We know exactly what date format is returned by the server, so to avoid any user preference influencing our date parsing, we have to set a specific locale on the dateFormatter. But what will that be? There are plenty of locale identifiers to choose from. But almost all locales refer to a combination of language and region which, similar to time zones, are liable to change. It won’t happen very often, but it is well possible that a country, region or language decides to change the way in which dates and times are formatted, just as a country can decide to practice daylight saving time or not. For this reason a specific locale was designed to yield US English results but which is invariant in time, meaning it will never change, regardless of any regional or language changes in the future. It is unaffected by user or system preferences, and is also invariant between machines, meaning it works exactly the same on any platform. The identifier for this locale is “en_US_POSIX” (see also Apple’s Technical Q&A 1480).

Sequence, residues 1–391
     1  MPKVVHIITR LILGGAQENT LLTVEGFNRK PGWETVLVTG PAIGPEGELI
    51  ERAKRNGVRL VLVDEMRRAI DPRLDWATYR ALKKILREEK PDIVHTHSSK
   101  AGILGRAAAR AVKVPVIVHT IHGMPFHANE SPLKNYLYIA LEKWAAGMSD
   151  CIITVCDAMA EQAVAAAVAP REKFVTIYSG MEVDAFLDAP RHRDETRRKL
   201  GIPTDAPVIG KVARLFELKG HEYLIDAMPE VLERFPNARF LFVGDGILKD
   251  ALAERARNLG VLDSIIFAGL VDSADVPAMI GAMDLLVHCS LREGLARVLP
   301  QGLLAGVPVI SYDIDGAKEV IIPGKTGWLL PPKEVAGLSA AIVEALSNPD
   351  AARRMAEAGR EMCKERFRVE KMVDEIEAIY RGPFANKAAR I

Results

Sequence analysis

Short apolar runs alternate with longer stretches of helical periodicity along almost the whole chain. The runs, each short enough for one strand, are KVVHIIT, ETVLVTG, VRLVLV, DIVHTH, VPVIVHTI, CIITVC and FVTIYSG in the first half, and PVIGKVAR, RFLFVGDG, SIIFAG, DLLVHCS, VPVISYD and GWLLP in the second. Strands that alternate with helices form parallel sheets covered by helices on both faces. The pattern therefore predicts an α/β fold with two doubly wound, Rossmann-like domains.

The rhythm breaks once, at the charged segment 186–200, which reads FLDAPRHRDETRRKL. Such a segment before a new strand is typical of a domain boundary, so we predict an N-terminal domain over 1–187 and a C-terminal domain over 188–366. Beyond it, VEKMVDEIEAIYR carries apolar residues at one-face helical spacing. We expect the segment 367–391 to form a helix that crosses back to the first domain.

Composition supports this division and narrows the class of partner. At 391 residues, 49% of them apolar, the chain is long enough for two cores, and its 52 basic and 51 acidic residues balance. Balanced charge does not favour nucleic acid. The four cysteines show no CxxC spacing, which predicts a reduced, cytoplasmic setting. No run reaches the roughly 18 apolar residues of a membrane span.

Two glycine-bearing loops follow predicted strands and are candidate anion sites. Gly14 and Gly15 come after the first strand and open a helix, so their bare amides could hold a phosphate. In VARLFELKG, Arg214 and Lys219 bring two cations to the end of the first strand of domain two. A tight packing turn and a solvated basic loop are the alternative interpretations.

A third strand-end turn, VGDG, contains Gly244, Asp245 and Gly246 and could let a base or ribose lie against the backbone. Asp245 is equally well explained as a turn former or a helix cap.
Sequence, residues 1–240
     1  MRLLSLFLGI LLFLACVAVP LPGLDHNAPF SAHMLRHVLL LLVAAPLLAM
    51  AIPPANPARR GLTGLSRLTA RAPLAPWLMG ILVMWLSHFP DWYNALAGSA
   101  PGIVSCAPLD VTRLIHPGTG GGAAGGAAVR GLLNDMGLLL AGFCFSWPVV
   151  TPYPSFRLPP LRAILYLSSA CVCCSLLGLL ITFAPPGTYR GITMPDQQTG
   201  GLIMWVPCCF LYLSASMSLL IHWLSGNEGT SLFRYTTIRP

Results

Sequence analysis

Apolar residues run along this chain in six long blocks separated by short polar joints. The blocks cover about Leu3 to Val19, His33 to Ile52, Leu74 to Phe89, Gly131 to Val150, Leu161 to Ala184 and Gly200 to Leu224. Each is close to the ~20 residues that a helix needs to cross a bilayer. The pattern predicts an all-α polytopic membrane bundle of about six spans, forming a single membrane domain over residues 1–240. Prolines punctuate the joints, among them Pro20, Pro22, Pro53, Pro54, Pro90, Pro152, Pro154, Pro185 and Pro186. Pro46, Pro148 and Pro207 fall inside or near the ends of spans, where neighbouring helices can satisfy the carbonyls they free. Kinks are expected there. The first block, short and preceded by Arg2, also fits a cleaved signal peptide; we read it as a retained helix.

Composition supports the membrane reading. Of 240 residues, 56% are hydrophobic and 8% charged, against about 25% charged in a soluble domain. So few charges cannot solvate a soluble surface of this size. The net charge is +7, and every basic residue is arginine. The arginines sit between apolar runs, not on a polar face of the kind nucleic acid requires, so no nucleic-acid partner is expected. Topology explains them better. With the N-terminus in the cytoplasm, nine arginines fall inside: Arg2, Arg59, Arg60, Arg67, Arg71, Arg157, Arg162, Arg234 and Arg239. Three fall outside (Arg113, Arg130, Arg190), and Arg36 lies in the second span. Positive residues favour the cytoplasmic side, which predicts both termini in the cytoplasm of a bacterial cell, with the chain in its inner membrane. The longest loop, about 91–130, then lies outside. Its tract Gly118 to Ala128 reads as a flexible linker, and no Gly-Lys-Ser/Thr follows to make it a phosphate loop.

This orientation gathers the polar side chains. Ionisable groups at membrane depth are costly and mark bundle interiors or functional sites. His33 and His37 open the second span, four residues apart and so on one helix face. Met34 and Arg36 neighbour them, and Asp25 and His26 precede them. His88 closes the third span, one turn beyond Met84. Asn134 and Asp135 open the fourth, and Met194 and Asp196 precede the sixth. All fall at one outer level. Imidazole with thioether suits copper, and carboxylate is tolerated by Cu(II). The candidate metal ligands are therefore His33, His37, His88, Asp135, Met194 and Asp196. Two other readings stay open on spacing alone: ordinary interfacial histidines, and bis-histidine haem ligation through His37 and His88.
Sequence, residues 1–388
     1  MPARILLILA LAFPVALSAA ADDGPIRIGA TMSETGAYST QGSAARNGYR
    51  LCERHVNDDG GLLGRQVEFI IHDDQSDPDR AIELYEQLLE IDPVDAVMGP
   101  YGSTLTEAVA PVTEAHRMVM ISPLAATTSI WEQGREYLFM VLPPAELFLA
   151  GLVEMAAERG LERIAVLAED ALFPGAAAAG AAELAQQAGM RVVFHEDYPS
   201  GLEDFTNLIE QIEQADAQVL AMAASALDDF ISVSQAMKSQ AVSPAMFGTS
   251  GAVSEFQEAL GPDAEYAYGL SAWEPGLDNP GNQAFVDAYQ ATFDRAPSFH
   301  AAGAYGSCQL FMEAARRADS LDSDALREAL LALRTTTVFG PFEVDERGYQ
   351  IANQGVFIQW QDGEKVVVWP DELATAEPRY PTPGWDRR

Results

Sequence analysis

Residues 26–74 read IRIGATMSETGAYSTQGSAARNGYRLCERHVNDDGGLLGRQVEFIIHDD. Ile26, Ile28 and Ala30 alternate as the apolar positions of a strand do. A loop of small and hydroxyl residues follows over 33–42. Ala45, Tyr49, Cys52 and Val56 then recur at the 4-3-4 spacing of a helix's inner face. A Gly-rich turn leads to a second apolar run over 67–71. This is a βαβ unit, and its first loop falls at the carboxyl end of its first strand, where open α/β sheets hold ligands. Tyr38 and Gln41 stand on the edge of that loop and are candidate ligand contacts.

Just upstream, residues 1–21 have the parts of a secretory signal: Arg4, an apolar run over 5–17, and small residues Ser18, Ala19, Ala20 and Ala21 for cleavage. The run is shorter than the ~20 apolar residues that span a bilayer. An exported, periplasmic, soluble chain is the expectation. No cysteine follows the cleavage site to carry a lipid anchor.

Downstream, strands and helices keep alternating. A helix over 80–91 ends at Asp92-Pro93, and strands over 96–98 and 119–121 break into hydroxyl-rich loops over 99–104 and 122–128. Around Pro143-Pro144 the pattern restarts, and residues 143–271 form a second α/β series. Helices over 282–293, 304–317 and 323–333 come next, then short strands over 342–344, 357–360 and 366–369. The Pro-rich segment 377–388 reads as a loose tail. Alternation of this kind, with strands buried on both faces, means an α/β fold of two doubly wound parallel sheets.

The above described approach to date parsing worked well for the Weeronline project, allowing us to parse different formats consistently. This was necessary because the various Weeronline service API’s did not all use the same format. Some of these API’s expressed date and time according to the international ISO 8601 standard. If all dates would have been in this format, we could have just used the ISO8601DateFormatter and never had to worry about locales, calendars and time zones. Similarly, a commonly used approach is to just use a Unix timestamp, which is a number describing the seconds that have elapsed since 00:00:00 January 1st 1970, UTC. For this the
NSDate class has a convenient initializer:
Whichever way you choose to approach your date and time formatting, I think it is important to be aware of all the influences that a user’s language, region, location, and personal preferences can have on this process. With that in mind, happy date-coding!